Up to 41% of adults forego treatment for mental health concerns due to stigma and fear of discrimination. For men—many of whom have been told to “man up” and “shake it off” their whole lives—accessing mental health resources can be particularly daunting, as it goes against cultural expectations. 

We want to make mental healthcare convenient and judgement-free—for men, and for anyone who is nervous about seeking help. Our philosophy is that mental illness is like any other medical illness—it’s no more shameful than a sore throat or a broken bone. As Dr. Erik Vanderlip, our Chief Medical Officer likes to say, “Just like you’d go to the doctor for a sprained ankle, you can see a Mental Health Care professional for an assessment.”

Integration is essential.

Due to growing demand, there’s been an increase in online health retailers and specialty clinics that focus on men’s health concerns—erectile dysfunction and low testosterone being the most common.  These conditions, however, are typically multifactorial. Psychological causes such as depression—and physical factors such as obesity and diabetes—can mimic the same symptoms. For the best treatment, it’s crucial to obtain a high-quality, comprehensive evaluation.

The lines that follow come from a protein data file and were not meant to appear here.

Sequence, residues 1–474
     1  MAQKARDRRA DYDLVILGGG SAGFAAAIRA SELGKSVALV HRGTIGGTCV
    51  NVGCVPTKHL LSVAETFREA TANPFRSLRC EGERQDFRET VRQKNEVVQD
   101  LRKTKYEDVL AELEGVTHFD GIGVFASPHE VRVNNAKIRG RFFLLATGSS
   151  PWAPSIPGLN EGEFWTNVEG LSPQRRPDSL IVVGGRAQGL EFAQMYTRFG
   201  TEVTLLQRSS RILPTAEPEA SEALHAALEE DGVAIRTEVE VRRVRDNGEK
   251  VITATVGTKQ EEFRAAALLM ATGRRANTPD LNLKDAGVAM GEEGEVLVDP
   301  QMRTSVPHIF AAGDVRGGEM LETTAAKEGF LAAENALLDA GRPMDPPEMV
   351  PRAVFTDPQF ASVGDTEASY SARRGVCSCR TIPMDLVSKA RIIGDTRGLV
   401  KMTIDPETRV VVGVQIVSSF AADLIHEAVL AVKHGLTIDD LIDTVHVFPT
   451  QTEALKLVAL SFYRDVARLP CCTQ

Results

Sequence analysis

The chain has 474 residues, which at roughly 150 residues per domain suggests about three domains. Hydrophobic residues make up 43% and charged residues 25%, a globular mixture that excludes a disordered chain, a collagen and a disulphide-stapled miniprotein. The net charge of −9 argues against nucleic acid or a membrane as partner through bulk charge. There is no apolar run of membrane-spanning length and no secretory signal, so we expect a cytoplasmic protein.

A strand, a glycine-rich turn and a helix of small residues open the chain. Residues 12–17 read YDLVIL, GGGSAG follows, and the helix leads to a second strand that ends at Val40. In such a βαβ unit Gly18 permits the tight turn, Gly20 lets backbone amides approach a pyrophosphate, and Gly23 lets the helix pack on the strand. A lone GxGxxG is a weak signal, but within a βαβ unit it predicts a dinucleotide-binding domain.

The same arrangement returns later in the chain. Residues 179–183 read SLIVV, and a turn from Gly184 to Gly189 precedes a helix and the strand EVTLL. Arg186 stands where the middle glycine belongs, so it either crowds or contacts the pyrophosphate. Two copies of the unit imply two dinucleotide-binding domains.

At ZOOM+Care, we do it all—conveniently, and with discretion.

Do your part for Movember.

Men are our fathers, sons, partners, friends, uncles, and brothers. Let’s work together to create a cultural shift where they don’t find it difficult (or embarrassing) to seek out medical care. This month and every month, encourage men’s health initiatives, foster healthy discussions, and—most importantly—let the men in your life know that we love them, and that their health matters. 

Don’t postpone your care, dudes. Schedule a same-day, no-wait visit today!

On the Fence about the Flu Shot? Read Our FAQ.

Each fall, doctors and public health officials across the country urge virtually every American to get a flu shot. But, despite their best efforts, only about 50% will heed their advice. 

This begs the question: what’s the deal with our low vaccination rates?